round the world, manufacturers are implementing FOUNDATION fieldbus in a wide range of plant automation applications. Fieldbus allows process control strategies to migrate to the field level and frees higher-level resources for real-time production control. But how do companies prepare for implementing this revolutionary technology and deliver significant performance and business benefits?
Over several decades, plant personnel have seen controls evolve from pneumatic, to analog, to distributed and programmable logic, and finally to digitally-based protocols.
As industry adopts fieldbus technology, technicians must increasingly understand terms such as "Function Block" and "Device Description. In a real sense, the functions of plant personnel have combined as fieldbus has introduced a field-centric approach to process automation and relocated control functionality from central control systems to intelligent devices in the field.
Unlike a traditional control system, fieldbus also supports predictive/preventive maintenance. Fieldbus instruments with embedded diagnostics can quickly identify the source and nature of various malfunctions. Device self-diagnostic and automatic reporting capabilities reduce the need for routine maintenance that, in some cases, would require the removal and reinstallation of properly performing equipment.
Key to the success of a fieldbus installation is the ability to effectively install and service fieldbus equipment. Because of the field-centric approach of Fieldbus, installation, maintenance and troubleshooting can vary somewhat from what plant staff is used to. For instance the installation of FOUNDATION fieldbus devices is simpler. Troubleshooting can be accomplished remotely and maintenance can be predicted over time. Fieldbus can look different to your field personnel and the elimination of analog based tools can cause concern. So, to get the greatest benefit, some training on fieldbus specifics usually makes sense.
For companies that recognize the need to instruct engineers, technicians and other staff on fieldbus technology, the most obvious source for training is the Fieldbus Foundation based in Austin, Texas. A global, not-for-profit trade consortium, the foundation offers training courses for both fieldbus beginners and advanced users. Elsewhere around the world, other qualified organizations deliver foundation-certified training to todays diverse industrial community.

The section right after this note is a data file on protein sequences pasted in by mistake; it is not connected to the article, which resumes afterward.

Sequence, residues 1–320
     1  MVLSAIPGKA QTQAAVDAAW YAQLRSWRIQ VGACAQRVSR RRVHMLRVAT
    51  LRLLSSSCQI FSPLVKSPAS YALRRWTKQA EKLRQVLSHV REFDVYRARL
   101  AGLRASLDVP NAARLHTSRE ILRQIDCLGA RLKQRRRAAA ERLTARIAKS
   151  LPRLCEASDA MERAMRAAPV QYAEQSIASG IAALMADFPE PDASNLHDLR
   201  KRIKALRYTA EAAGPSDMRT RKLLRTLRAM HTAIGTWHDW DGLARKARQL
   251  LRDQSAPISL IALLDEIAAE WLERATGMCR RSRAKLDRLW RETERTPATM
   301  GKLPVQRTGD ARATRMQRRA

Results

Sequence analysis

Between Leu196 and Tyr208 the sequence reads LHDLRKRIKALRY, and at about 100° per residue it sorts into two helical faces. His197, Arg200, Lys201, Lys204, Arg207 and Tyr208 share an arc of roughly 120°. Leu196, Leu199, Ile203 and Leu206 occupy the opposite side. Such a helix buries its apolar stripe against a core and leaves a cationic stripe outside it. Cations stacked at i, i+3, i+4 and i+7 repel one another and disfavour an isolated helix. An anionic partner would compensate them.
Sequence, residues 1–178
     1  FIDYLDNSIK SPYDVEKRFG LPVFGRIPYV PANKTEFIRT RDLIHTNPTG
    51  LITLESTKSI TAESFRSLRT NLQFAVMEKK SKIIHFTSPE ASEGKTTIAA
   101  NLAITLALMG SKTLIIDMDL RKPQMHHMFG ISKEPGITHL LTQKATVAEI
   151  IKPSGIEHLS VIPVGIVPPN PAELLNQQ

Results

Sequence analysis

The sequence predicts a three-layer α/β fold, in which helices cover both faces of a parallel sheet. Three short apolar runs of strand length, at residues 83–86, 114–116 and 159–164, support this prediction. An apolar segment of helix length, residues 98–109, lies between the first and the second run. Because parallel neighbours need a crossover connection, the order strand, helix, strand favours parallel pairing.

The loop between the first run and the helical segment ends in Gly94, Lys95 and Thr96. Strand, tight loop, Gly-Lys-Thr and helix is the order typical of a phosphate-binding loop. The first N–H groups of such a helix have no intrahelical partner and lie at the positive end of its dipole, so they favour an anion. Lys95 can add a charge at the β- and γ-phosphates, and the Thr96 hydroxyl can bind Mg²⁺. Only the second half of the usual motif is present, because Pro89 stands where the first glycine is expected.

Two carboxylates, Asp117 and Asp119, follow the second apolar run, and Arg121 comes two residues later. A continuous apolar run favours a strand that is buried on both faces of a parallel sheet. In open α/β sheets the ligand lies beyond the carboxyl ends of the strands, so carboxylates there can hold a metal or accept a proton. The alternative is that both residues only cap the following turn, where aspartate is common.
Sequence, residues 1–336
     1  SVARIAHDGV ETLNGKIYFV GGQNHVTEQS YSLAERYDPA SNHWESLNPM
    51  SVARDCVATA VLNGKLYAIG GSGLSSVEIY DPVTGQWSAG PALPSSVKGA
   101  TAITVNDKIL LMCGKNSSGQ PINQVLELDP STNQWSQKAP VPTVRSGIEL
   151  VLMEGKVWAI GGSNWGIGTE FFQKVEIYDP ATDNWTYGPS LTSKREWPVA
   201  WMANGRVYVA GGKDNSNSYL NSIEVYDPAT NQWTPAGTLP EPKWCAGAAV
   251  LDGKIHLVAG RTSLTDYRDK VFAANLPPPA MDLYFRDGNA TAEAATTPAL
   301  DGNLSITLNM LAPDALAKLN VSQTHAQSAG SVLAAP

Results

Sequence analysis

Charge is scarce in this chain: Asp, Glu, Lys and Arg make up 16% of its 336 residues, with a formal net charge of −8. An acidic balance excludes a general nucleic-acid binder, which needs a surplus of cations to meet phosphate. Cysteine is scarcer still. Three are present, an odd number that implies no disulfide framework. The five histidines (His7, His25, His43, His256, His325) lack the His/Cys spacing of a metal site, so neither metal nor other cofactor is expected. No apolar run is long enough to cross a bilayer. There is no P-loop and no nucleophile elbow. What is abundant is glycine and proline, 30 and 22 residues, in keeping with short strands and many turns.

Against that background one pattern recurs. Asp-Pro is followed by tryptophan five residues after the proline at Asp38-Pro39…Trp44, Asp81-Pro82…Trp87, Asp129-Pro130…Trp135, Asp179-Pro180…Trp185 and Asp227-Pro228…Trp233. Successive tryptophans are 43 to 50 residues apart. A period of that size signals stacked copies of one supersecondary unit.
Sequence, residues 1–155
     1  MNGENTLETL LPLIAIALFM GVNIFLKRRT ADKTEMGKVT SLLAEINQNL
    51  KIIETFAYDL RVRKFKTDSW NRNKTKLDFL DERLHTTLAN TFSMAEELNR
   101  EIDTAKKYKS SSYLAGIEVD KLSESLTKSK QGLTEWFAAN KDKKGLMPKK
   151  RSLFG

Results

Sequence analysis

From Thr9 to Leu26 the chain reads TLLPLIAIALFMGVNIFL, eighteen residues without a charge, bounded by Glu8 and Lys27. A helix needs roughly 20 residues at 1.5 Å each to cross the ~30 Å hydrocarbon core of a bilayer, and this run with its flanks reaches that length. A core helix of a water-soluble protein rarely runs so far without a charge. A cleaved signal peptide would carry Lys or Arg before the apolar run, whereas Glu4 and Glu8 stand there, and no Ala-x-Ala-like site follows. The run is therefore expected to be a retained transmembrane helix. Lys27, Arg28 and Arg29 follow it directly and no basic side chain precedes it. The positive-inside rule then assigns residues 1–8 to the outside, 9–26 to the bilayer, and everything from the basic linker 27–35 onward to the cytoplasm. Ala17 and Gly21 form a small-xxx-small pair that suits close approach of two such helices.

The Fieldbus Foundations training curriculum starts with the Fieldbus Overview, a basic introduction to FOUNDATION technology using actual fieldbus equipment. Topics covered include: fieldbus concepts, wiring, basic messaging, function blocks and applications. Those interested in FOUNDATION fieldbus from an application standpoint benefit from attending this course.
The foundation also conducts an Advanced Technical Workshop, which provides in-depth coverage of FOUNDATION fieldbus, including demonstrations of a working fieldbus system. Topics include: physical layer, data link layer, fieldbus access sub layer, network management, system management, configuration, fieldbus message specification, and development of FF function blocks. This course is intended for device developers, test engineers, and those needing a detailed knowledge of FOUNDATION fieldbus.
For more information about FOUNDATION fieldbus training, visit this link: http://www.fieldbus.org/productsandservices/training/scheduleprices/registration2003.pdf.